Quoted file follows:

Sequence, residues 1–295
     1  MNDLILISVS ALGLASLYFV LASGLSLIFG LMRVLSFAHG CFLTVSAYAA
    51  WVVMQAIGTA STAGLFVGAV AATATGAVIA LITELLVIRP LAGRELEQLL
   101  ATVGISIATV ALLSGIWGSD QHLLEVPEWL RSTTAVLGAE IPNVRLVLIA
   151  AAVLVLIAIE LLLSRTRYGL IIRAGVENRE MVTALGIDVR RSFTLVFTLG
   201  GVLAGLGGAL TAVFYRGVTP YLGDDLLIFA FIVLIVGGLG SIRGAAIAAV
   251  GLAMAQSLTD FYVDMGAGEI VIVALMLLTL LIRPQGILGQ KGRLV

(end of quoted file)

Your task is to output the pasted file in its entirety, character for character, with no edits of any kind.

Sequence, residues 1–295
     1  MNDLILISVS ALGLASLYFV LASGLSLIFG LMRVLSFAHG CFLTVSAYAA
    51  WVVMQAIGTA STAGLFVGAV AATATGAVIA LITELLVIRP LAGRELEQLL
   101  ATVGISIATV ALLSGIWGSD QHLLEVPEWL RSTTAVLGAE IPNVRLVLIA
   151  AAVLVLIAIE LLLSRTRYGL IIRAGVENRE MVTALGIDVR RSFTLVFTLG
   201  GVLAGLGGAL TAVFYRGVTP YLGDDLLIFA FIVLIVGGLG SIRGAAIAAV
   251  GLAMAQSLTD FYVDMGAGEI VIVALMLLTL LIRPQGILGQ KGRLV